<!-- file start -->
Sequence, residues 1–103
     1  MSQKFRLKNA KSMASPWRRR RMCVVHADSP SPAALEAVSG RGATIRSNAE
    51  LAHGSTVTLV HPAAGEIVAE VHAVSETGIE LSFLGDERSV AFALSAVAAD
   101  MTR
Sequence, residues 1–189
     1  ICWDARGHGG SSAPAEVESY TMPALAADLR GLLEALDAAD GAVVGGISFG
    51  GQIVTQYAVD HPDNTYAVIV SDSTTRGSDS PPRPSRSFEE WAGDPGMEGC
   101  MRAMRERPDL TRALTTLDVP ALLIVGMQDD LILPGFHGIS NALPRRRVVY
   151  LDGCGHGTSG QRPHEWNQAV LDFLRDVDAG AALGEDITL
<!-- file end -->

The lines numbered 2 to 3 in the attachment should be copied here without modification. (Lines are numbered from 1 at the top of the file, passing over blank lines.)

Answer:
     1  MSQKFRLKNA KSMASPWRRR RMCVVHADSP SPAALEAVSG RGATIRSNAE
    51  LAHGSTVTLV HPAAGEIVAE VHAVSETGIE LSFLGDERSV AFALSAVAAD